The legal steps
We will advise and assist you on all matters connected with the purchase of your property and will be there to protect your interests until the property becomes your own.
What is a “Notaire”?
A French “Notaire” (Notary) is a publicly appointed official who is responsible for ensuring a property has good title (ie, no irregularities in the ownership, root of ownership of the last 30 years) and that the purchase or sale is correctly undertaken. Because Notaries are personally responsible for the contracts drawn up they must be objective in the advice they give and be impartial in their dealings with the parties concerned.
A “Notaire” represents neither the seller nor the buyer but the French Government. The same Notaire usually acts for both the vendor and the purchaser. This is not obligatory and you can appoint your own Notaire if you wish. The fees (paid by the purchaser) are fixed by law and will be split between both Notaries if two are appointed. You should be aware that the Notaire’s job is to finalise the agreement he has been told has been recorded. He is not there to advise or warn the purchaser of any inadequacies in it. His role is therefore very different from that of a solicitor.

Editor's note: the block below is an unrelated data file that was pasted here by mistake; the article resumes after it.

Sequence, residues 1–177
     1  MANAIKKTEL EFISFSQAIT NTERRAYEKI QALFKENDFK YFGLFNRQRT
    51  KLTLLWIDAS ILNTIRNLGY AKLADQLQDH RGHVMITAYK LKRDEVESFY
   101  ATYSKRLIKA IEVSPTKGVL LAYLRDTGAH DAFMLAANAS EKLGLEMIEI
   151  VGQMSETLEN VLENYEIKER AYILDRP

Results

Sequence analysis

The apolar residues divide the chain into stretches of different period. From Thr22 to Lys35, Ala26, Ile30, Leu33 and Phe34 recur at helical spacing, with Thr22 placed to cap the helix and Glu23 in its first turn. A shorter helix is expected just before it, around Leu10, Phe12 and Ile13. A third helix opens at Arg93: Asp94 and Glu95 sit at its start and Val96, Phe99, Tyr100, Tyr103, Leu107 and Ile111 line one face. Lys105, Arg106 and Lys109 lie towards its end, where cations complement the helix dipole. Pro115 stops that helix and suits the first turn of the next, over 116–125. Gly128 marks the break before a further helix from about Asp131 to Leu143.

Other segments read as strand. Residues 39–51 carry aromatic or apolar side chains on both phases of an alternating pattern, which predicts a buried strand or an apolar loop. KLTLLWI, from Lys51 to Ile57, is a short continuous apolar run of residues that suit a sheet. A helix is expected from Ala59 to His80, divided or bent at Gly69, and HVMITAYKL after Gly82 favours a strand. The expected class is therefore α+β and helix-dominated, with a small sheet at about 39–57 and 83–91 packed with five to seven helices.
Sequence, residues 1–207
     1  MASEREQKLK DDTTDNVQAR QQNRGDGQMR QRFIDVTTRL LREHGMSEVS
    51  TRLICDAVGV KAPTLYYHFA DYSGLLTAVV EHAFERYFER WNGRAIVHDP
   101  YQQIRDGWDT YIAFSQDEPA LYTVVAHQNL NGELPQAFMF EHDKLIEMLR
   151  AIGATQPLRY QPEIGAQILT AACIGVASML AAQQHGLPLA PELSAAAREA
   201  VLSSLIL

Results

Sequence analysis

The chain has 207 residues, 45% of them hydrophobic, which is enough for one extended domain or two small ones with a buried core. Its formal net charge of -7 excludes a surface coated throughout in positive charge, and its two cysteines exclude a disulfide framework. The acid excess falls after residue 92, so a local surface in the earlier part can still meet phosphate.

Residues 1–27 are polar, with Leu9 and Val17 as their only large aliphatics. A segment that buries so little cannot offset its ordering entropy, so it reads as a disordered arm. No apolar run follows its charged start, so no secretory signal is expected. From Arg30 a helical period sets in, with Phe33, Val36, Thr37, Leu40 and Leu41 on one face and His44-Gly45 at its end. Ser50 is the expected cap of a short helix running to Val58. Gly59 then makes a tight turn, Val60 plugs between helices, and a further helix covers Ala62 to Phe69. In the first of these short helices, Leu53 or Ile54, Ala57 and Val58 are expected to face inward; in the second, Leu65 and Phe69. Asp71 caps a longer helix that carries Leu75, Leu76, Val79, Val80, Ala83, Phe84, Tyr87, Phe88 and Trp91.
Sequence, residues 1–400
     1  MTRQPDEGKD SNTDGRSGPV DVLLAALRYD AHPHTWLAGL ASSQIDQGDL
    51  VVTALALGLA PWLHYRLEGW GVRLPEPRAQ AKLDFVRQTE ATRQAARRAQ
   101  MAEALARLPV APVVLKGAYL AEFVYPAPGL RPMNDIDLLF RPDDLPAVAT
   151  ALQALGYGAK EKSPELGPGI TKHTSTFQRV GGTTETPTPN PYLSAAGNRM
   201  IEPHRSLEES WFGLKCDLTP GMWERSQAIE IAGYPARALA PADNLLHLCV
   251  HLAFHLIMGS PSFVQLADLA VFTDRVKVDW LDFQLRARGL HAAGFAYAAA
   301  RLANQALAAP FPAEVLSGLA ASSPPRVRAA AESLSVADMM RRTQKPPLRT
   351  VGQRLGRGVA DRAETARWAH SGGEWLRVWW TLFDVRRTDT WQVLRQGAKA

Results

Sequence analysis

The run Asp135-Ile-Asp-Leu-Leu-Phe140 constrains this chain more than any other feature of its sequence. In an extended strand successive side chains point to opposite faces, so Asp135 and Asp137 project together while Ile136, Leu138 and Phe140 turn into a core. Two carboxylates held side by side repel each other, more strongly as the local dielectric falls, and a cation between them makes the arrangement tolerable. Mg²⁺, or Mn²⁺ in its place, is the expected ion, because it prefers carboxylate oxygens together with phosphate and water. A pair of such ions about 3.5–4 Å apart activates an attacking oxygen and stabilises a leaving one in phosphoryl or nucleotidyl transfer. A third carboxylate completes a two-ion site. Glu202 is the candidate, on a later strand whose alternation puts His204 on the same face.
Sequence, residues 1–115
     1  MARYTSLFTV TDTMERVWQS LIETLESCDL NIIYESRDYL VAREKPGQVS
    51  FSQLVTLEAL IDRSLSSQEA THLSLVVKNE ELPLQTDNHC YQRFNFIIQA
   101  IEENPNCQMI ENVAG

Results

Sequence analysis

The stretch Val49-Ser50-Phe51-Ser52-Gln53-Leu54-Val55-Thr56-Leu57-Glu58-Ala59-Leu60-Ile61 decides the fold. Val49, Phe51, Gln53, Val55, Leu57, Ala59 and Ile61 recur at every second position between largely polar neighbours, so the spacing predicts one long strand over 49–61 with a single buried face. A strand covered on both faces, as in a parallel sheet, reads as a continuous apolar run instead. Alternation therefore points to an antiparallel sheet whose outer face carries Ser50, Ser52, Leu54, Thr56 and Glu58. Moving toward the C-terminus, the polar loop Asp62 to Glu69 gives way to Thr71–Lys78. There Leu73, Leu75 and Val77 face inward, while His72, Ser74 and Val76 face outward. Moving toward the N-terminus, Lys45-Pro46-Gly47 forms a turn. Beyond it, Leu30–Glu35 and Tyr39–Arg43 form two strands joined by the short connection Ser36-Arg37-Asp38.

If you are making a purchase with a mortgage, you should at least instruct the Notaire or the estate agent to make your purchase conditional upon obtaining a mortgage (agreement called “clauses suspensives”). This will offer you further protection under French Consumer Law. Upon signing this preliminary agreement the purchaser has to place a deposit with the Notaire, which is normally between 5 and 10% of the purchase price and will be deducted from the sale price.
This deposit has to be kept on a protected escrow account by the estate agent if he has a financial guarantee, or in any case, by the notaire.
What is a “Title deed”?
This document will be provided to you by the Notaire following the purchase of your property. You will have to keep this document as it will be the proof of your ownership. This always drawn up by the Notaire and signed by all parties on completion.